~Welcome to the Econo-Almanac~

I started this website in mid-2004 to chronicle San Diego’s spectacular housing bubble.  The purpose of the site remains, as ever, to provide objective and evidence-based analysis of the San Diego housing market. A quick guide to the site follows:

  • New visitors are advised to begin with the Bubble Primer or (if wondering about the site name) the FAQ list.
  • Housing articles I’ve written are found in the main section below.
  • Discussion topics posted by site users are found in the “Active Forum Topics” box to the lower right.
  • This website is an avocation; by day I help people with their investments as a financial advisor*.  Market commentary, an overview of our investment approach, and more can be found on my firm's website.

Thanks for stopping by…

Questionable Career Moves

Submitted by Rich Toscano on July 21, 2006 - 1:05pm

As suspected, there has been a fairly serious media response to the first year-over-year decline in median prices.

We've known for a while that home prices were on the decline, thanks to the Shiller index and to numerous examples of specific properties selling for less than their prior purchase prices. But I guess that there's nothing like having it all wrapped up in a single stat like that (despite the previously noted issues with using the median to gauge actual pricing power).

Despite the recent spate of concerned commentary, including some backpeddling by no less than the chief economist of CAR, there are still plenty of optimists out there. As my man Calculated Risk has helpfully charted, California real estate salesperson licenses are up 14% over last twelve months. Brokers licenses are up 8%.

So not only are there still plenty of buyers, there are actually still plenty of people who are bullish enough on real estate to actually be entering the field.

That's optimism. And it underscores my point that, despite a recent directional shift in pricing momentum, we are just at the very beginning of the housing bubble aftermath. This correction will probably not be over until sentiment is almost universally pessimistic on housing. As the continued rush into the real estate industry clearly demonstrates, that day is still far in the future.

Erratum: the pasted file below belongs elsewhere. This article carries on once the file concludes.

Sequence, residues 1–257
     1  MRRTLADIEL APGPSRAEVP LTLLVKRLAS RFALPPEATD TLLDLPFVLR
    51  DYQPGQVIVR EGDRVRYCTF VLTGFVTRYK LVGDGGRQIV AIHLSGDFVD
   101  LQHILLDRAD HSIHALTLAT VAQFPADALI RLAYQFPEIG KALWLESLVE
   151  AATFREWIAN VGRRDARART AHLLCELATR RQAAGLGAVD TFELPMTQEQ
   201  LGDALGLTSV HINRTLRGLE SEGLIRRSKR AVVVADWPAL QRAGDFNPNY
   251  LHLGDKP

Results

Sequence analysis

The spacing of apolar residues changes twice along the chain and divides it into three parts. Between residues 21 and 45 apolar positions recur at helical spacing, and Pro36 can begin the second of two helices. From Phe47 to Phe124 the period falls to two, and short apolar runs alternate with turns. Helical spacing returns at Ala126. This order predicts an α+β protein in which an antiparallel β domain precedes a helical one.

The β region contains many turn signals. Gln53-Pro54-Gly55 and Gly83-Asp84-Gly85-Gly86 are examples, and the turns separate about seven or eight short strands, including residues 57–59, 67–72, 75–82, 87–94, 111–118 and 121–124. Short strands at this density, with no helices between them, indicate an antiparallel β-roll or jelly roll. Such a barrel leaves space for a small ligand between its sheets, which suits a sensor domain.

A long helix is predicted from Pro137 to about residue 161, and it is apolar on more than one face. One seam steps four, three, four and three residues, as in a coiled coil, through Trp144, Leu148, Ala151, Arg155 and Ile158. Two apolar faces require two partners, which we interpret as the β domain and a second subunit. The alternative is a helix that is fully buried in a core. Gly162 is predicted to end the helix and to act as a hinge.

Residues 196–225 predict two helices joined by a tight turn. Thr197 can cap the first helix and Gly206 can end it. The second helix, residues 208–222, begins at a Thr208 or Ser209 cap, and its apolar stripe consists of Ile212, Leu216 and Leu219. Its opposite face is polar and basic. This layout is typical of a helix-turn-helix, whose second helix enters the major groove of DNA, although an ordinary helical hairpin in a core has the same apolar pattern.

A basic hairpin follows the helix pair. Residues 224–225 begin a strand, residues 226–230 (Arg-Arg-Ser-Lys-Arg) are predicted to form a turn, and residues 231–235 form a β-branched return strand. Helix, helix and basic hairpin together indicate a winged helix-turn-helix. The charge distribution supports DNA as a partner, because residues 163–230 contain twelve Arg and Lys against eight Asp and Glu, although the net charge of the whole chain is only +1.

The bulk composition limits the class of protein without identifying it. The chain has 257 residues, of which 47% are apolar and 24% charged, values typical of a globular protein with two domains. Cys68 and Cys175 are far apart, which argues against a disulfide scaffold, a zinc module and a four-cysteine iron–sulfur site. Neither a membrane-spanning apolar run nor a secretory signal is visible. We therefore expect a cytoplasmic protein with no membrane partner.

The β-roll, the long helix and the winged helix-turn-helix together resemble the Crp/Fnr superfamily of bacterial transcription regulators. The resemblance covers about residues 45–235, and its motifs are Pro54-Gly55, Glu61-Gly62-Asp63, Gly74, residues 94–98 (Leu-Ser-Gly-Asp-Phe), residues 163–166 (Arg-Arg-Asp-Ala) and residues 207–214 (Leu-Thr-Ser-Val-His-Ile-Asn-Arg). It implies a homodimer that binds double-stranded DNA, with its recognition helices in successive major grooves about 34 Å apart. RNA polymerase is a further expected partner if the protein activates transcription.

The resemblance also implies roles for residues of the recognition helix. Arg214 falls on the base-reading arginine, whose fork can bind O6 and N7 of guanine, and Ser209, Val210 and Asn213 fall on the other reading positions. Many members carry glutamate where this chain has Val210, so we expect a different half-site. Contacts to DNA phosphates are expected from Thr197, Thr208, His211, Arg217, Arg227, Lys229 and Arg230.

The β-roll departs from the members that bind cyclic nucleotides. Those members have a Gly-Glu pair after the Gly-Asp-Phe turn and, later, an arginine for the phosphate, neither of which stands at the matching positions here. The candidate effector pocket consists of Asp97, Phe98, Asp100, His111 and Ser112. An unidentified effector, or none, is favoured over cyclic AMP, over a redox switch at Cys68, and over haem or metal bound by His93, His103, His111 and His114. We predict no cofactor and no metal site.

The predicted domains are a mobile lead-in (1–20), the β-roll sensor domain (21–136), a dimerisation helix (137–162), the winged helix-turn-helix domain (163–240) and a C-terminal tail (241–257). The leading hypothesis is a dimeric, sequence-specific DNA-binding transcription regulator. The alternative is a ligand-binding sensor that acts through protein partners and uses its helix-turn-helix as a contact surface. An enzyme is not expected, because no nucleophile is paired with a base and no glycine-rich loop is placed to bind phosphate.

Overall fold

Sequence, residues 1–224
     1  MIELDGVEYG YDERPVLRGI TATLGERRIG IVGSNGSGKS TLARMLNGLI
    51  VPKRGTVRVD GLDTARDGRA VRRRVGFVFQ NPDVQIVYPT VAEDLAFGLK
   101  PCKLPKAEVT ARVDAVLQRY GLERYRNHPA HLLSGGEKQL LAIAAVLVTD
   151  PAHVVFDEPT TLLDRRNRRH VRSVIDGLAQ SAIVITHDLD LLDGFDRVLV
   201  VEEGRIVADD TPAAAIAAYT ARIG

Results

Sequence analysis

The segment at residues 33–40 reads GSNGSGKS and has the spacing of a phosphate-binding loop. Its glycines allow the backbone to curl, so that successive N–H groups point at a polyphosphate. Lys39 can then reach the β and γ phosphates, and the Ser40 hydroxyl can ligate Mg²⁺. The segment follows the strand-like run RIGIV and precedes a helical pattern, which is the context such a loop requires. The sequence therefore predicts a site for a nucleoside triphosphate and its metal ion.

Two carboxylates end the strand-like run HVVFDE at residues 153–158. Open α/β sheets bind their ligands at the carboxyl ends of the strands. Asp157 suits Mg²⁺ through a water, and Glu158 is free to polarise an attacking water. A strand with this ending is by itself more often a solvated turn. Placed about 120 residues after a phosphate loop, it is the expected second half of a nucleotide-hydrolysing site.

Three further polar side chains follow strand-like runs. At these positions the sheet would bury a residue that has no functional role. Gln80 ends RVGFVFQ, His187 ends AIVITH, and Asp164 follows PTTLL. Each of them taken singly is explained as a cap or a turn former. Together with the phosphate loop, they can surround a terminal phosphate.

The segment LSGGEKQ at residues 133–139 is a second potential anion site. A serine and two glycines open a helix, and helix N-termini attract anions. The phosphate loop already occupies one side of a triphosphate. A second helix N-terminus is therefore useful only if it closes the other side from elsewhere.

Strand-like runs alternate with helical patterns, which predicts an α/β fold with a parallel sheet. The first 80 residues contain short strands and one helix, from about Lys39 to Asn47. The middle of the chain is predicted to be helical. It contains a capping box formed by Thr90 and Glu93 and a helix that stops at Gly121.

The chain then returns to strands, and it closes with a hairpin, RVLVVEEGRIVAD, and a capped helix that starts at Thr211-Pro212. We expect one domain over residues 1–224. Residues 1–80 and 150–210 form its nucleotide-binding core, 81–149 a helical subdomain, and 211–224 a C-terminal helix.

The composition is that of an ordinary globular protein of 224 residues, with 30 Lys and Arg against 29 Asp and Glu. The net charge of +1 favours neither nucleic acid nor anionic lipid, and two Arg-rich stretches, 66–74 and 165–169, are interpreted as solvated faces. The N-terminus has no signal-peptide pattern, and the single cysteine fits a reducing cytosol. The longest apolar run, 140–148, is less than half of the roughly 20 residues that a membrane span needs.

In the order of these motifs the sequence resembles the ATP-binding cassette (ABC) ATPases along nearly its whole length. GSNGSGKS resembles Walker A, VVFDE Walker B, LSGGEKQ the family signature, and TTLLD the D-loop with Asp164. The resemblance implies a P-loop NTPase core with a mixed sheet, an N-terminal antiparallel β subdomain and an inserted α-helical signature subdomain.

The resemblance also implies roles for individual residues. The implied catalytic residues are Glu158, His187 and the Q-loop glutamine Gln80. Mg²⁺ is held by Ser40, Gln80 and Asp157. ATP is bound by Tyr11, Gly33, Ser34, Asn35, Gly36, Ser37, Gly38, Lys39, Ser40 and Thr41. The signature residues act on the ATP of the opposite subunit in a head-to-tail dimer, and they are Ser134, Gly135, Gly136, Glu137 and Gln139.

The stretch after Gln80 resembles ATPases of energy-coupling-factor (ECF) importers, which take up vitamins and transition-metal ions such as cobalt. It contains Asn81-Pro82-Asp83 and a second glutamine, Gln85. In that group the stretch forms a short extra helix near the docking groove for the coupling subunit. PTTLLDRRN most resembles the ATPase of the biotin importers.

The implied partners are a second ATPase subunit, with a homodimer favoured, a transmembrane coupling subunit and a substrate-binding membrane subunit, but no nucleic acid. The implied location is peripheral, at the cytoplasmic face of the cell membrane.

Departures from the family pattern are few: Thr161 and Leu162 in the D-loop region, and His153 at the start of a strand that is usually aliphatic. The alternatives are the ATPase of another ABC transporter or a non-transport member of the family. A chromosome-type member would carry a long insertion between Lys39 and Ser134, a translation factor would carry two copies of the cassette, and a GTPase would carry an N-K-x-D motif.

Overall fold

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Piggington Makes the News

Submitted by Rich Toscano on July 17, 2006 - 9:15am

I was interviewed in an LA Times article running today: For San Diego Real Estate, the Skies Are Not So Sunny. (I'm on page two.)

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That's More Like It

Submitted by Rich Toscano on July 13, 2006 - 9:37pm

Since I mentioned yesterday that I was surprised at the sanguine tone of the UT article on the median price drop, I must in fairness mention that (as suspected) they came out with an expanded and more gloomily-titled piece today.

While I'm here, I can't help but comment on a couple of sections from the article. This:

San Diego real estate agent Calvin Goad, who represents the Fleischmanns, says the region is experiencing a normal cycle of decline following a boom. “The prices are coming down right now, but it is a good time for the buyer to jump into the market,” he said. “San Diego historically does take a small drop in price, but then the market levels.”

...is simply outrageous. The "normal cycle of decline" is pictured here:

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The U-T Makes It Official: Prices Are Falling

Submitted by Rich Toscano on July 12, 2006 - 1:30pm

The Union-Tribune reports that, as predicted here last week, year-over-year medians have gone negative. As of June 2006, the median price of a San Diego home was down 1% from a year prior. The median was down 6% since its peak last November, representing a loss of $30,000 on the median priced home.

Get ready for all the pundits to claim victory on their "soft landing" forecasts. Prices are down 1%, and that's a soft landing—get it? Of course, this interpretation requires you to pretend that prices have fallen as much as they are going to, despite the lack of any evidence to that effect.

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Year-Over-Year Medians Have Gone Negative